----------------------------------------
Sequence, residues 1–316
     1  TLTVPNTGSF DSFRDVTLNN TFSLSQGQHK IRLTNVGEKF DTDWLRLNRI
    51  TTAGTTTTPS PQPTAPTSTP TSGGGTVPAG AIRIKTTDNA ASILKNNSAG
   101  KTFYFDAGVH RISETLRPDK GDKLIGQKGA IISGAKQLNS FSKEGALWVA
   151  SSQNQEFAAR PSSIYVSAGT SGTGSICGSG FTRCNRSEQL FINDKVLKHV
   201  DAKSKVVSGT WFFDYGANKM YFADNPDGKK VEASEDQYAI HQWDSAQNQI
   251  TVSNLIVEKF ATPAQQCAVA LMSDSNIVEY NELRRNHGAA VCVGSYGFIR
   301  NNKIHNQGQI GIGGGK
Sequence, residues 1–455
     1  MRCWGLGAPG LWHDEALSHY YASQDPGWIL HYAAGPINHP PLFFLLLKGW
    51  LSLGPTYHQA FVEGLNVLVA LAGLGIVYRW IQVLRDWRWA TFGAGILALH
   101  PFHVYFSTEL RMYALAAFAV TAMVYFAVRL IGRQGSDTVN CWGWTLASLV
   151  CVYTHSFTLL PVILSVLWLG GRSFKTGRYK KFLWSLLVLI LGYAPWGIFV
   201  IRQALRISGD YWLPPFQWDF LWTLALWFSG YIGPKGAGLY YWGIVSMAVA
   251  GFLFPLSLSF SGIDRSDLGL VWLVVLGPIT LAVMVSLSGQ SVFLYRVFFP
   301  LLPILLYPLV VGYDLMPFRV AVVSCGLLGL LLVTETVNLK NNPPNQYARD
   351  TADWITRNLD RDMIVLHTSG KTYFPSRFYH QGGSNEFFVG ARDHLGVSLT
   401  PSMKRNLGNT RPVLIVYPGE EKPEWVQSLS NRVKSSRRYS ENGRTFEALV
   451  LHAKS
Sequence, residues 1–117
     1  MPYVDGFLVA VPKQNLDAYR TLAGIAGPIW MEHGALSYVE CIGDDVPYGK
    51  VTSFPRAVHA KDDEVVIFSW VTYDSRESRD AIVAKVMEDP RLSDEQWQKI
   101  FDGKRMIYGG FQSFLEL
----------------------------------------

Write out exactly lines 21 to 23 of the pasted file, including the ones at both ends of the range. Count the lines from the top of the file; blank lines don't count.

     1  MPYVDGFLVA VPKQNLDAYR TLAGIAGPIW MEHGALSYVE CIGDDVPYGK
    51  VTSFPRAVHA KDDEVVIFSW VTYDSRESRD AIVAKVMEDP RLSDEQWQKI
   101  FDGKRMIYGG FQSFLEL